Archive for May, 2010

Review: The Big Sleep

Sunday, May 23rd, 2010

Raymond Chandler is one of those authors who you often hear transcends his genre; he writes mysteries, but is (today)well regarded by most readers.  I’m a man who likes genre fiction, so the genre thing isn’t really off-putting to me.  And yet, it’s taken me this long to read any Chandler.

That’s a mistake I regret.  It’s sad to have lived this long without meeting Chandler’s Philip Marlowe in the flesh before.

The Big Sleep is an impressive display of writing on many levels.  First is Chandler’s unique prose style.  Even if you’ve never read Chandler, you’ve heard echos of this; everyone writing a tough-guy spoof or a noir mystery has taken a swing at it.  Reading the original tells you why this voice has become so universally recognized.  Descriptions are minimal and impressionistic, and filled out with colloquialisms and apt but unexpected similies.  Anyone who’s ever read a mystery that’s vaguely noir recognizes the formula, but watching Chandler execute it is the difference between seeing U2 in a club and hearing a tribute band on the radio.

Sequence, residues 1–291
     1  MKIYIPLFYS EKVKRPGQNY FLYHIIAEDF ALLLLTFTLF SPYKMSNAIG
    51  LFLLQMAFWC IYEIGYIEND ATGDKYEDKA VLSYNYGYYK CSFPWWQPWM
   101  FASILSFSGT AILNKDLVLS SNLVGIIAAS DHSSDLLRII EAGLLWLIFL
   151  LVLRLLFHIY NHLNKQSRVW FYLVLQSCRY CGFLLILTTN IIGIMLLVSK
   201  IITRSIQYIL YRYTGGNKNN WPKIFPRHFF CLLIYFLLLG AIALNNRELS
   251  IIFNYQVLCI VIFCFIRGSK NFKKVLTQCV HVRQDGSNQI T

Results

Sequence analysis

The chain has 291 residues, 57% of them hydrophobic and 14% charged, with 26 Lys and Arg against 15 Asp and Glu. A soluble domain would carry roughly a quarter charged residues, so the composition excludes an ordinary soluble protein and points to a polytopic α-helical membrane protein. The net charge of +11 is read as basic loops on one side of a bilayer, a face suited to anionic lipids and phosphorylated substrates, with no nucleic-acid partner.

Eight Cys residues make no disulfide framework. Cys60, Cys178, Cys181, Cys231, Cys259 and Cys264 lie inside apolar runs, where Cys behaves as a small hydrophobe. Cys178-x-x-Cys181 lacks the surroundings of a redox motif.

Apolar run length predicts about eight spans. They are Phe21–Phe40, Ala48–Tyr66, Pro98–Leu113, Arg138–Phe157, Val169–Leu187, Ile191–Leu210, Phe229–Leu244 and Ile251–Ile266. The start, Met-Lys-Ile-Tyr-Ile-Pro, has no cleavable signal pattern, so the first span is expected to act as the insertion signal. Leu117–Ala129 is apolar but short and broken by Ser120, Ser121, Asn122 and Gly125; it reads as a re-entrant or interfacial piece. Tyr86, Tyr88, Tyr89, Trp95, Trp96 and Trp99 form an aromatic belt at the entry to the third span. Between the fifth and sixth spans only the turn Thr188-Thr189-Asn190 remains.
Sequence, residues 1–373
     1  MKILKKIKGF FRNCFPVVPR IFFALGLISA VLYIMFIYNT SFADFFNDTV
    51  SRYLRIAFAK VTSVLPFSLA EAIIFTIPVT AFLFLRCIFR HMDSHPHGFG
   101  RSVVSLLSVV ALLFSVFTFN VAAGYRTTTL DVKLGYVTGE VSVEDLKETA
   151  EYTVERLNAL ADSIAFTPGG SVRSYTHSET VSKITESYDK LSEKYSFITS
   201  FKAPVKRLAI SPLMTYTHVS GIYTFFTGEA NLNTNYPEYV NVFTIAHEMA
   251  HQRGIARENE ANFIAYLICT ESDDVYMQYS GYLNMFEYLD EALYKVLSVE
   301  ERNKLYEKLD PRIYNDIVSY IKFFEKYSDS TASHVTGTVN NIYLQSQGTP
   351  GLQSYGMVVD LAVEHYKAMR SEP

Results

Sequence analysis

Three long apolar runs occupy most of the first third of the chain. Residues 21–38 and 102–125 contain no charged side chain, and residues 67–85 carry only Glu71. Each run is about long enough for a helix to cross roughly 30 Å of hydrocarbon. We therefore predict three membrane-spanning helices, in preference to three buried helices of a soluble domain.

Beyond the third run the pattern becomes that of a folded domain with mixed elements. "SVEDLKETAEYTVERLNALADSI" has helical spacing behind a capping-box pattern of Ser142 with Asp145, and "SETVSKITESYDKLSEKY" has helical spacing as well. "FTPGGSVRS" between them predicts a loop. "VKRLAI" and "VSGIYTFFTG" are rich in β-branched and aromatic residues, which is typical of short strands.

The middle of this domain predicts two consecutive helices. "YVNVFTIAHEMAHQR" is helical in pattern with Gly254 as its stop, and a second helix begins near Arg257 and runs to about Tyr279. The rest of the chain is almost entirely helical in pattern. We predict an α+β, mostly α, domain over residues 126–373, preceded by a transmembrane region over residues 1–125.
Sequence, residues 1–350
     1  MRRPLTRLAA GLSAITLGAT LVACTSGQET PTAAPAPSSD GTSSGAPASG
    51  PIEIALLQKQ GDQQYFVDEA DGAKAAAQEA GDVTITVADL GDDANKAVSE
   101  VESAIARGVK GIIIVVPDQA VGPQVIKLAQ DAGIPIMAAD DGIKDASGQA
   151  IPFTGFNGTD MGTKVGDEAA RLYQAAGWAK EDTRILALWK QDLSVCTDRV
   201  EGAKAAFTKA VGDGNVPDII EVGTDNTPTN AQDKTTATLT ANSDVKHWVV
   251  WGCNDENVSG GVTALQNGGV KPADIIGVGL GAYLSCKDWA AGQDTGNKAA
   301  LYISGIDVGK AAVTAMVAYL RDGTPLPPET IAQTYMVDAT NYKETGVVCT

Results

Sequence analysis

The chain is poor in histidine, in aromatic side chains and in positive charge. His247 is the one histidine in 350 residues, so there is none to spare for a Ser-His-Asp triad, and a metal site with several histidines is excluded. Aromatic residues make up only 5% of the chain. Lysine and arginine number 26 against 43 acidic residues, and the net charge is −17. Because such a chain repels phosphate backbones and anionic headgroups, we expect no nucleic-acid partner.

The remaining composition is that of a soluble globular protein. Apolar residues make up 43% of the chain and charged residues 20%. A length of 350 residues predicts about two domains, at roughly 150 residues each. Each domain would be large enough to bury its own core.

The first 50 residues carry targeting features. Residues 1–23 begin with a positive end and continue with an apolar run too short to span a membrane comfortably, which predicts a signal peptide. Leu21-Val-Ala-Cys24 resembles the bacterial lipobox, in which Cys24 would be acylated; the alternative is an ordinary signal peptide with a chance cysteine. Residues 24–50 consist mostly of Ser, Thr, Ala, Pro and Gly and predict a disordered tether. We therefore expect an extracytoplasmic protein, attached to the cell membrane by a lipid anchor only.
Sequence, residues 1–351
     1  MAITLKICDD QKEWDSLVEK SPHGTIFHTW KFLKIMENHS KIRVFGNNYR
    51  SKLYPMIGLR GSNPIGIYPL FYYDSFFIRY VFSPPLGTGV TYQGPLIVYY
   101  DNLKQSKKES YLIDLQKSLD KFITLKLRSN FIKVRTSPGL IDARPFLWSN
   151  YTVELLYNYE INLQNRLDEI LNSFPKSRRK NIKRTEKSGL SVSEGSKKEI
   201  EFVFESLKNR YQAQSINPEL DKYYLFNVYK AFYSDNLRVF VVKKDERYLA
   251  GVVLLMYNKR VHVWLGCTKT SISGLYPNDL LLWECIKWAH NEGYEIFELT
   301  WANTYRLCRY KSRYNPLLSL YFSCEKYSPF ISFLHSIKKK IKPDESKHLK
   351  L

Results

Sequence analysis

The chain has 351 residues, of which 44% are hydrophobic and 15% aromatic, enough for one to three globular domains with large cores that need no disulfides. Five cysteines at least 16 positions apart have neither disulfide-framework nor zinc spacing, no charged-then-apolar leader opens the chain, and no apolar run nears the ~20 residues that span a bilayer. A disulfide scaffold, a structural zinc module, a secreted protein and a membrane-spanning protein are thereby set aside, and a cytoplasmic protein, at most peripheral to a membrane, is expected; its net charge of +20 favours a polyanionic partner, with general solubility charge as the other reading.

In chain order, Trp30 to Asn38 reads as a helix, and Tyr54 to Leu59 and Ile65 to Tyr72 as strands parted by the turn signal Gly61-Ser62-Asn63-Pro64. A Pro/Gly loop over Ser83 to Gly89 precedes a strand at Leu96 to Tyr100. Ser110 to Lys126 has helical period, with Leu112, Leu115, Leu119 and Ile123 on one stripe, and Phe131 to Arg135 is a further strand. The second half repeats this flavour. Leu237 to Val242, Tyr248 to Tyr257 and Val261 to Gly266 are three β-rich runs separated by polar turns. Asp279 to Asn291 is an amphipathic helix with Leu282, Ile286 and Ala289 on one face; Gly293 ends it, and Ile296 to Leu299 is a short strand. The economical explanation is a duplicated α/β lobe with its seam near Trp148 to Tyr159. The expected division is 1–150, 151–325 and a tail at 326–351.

His prose is so minimalist and powerful that even with the concentrated text, all the images necessary to follow the story are tattooed into your mind’s eye.  With each word condensed to its most potent form, it would be easy to lose important detail, but I never needed to fill in any blanks here.

The use of the 1930’s slang could be distracting and confusing, but  the clear storytelling somehow makes the specific meaning of any slang unimportant.  Again, it shows how well constructed the prose is – the bits of verisimilitude don’t interfere with the meaning.  This frees the reader to enjoy the slang of a bygone era without reservation, and it is a source of great joy.  I hope that people really did talk that way in the 30’s.

There’s plenty of what modern readers would call period detail that’s just part of the story here.  I particularly enjoyed how Marlowe often comments about tough guys arranging themselves the same way as gangsters in the movies do.

Finally, people tend to think of noir dramas as taking place in generic dark cities – again the influence of the movies.  The Big Sleep is set in Los Angeles – west LA and Hollywood, really – and there’s never any doubt about it.  That’s where I live these days, and following Marlowe around my environs time-shifted 80 years gives the story a ghostly undercurrent.  I recognize settings despite the maze of time between me and Marlowe.  Even if you’ve never been to LA, that feeling of place comes through clearly.